The push-for-review workflow
absoludity at gmail.com
Thu Sep 1 17:35:00 UTC 2011
On Thu, Sep 1, 2011 at 5:22 PM, Gustavo Niemeyer
<gustavo.niemeyer at canonical.com> wrote:
>> Out of interest, why are you creating a bug when submitting every
>> branch, rather than creating a branch to address a bug. If it's
>> feature work, is the bug just for recording the commit for QA? I have
>> done that when planning new features - creating bugs to split the work
>> up and then implementing it, but it seems (at least to me) that
>> something is wrong if we're creating a bug for every branch that we
> Agreed, there's something suspicious about it depending on how one
> looks at the problem. If one looks at the Launchpad bug tracker as
> containing _bugs_, then it's clear we're abusing the system.
> That said, the way I've learned to look at bug trackers is that they
> contains tasks rather than bugs, and that's something that we need
> within a project in one form or another. When we take that view, then
> it starts to make more sense to have one bug per branch.. the task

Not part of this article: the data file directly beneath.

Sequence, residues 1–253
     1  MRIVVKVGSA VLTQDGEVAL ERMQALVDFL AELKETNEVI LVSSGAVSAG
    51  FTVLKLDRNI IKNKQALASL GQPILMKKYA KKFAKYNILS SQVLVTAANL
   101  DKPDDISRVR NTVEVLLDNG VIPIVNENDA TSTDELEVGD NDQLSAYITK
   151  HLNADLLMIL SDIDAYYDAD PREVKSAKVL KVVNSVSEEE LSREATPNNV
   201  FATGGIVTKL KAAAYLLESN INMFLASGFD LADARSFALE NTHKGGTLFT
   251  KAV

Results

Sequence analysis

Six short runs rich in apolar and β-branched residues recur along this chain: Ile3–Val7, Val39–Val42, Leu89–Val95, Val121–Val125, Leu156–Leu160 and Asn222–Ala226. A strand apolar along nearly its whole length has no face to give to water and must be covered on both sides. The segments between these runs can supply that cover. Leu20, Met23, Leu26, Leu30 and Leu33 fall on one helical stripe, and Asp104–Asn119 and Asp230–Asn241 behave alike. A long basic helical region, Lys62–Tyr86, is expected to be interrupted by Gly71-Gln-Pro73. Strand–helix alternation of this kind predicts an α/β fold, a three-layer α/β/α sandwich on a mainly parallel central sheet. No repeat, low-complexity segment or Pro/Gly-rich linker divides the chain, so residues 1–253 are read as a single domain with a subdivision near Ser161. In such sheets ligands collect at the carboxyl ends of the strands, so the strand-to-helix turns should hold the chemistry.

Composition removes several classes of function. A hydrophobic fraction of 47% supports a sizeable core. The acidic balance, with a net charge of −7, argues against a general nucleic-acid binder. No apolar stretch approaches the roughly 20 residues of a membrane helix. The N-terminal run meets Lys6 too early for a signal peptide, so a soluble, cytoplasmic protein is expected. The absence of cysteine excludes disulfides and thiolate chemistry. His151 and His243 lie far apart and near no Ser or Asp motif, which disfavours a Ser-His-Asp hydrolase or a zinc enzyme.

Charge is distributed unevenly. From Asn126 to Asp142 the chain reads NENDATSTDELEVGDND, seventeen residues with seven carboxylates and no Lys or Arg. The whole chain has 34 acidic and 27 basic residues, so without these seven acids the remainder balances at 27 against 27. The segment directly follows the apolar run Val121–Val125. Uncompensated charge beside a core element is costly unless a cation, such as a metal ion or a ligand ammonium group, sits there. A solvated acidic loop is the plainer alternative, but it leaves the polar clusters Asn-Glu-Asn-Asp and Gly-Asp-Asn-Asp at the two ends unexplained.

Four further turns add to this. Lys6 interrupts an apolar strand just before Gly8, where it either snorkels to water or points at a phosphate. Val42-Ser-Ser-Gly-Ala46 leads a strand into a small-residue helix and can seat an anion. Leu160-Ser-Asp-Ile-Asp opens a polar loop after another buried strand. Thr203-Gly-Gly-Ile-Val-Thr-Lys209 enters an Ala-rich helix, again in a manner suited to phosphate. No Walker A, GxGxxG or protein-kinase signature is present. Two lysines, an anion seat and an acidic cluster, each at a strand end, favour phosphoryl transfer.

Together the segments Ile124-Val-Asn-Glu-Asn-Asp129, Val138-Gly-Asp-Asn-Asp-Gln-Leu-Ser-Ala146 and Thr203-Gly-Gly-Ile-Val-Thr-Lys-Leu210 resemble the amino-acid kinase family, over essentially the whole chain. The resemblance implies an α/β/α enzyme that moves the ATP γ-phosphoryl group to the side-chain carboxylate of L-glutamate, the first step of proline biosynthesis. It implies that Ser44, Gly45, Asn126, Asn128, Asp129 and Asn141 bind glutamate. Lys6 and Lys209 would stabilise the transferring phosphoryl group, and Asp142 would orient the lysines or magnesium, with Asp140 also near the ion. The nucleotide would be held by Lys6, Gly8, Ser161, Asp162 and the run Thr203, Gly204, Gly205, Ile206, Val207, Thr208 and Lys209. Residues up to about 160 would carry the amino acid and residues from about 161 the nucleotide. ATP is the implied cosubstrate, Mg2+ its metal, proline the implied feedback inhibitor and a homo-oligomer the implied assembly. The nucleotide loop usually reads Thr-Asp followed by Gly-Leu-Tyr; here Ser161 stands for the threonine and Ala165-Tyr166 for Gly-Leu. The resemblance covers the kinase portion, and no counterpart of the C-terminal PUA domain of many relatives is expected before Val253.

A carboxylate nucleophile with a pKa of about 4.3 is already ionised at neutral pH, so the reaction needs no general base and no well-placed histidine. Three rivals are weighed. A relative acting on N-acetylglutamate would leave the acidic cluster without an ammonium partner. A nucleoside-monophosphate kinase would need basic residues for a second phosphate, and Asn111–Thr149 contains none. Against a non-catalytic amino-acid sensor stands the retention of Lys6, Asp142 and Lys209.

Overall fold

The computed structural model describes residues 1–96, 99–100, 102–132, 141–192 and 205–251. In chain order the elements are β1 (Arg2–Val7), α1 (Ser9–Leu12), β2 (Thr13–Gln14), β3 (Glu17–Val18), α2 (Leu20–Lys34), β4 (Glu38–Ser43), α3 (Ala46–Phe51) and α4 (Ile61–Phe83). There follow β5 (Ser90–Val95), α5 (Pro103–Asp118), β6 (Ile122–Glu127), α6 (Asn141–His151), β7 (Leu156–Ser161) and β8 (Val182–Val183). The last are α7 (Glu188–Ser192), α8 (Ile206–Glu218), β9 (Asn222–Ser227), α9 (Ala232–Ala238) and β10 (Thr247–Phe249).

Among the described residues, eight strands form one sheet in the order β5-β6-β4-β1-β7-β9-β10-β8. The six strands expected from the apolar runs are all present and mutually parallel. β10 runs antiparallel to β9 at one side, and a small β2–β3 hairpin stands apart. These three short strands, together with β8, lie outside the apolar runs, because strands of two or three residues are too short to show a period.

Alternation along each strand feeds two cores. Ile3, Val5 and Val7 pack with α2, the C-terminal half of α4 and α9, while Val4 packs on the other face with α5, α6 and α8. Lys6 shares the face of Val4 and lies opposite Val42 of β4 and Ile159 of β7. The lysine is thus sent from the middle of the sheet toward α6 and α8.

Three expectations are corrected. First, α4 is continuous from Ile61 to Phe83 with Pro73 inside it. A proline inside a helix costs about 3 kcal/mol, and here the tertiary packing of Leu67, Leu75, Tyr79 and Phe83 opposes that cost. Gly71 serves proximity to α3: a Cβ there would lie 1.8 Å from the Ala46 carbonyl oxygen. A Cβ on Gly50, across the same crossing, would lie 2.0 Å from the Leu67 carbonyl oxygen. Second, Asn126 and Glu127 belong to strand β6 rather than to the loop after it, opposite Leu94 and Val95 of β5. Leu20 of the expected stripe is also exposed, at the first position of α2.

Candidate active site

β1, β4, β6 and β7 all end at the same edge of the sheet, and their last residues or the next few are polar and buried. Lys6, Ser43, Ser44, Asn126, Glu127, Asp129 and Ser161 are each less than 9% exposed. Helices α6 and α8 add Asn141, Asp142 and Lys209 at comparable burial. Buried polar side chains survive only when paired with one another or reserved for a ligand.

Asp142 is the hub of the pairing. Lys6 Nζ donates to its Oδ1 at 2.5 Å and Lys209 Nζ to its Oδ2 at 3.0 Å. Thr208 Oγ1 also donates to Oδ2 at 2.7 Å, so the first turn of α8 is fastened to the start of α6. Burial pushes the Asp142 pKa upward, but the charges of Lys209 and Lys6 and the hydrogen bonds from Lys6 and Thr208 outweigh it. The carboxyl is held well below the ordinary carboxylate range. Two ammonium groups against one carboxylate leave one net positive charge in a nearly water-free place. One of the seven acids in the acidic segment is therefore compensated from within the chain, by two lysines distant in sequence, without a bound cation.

> tracker is what enables us to take a wider view and see everything
> that is going on in the project, not only now but that is still
> pending and that has already been finished.
> That kind of stanza enables us to create views like this:
Yep, I'm used to using bugs as tasks in LP or other trackers, what
threw me was that the script seems to be creating the task (bug)
*after* pushing the branch, rather than pushing a branch which LP will
automatically link to a previously defined task/bug (using the --fixes
lp:1234 option when committing).
>From your kanban board, the bugs certainly seem well defined, but I'm
still wondering what is defining the branches that you're working on
before you push them, given that the bug/task doesn't exist at that
point (in LP, at least)?
Hope that makes sense!
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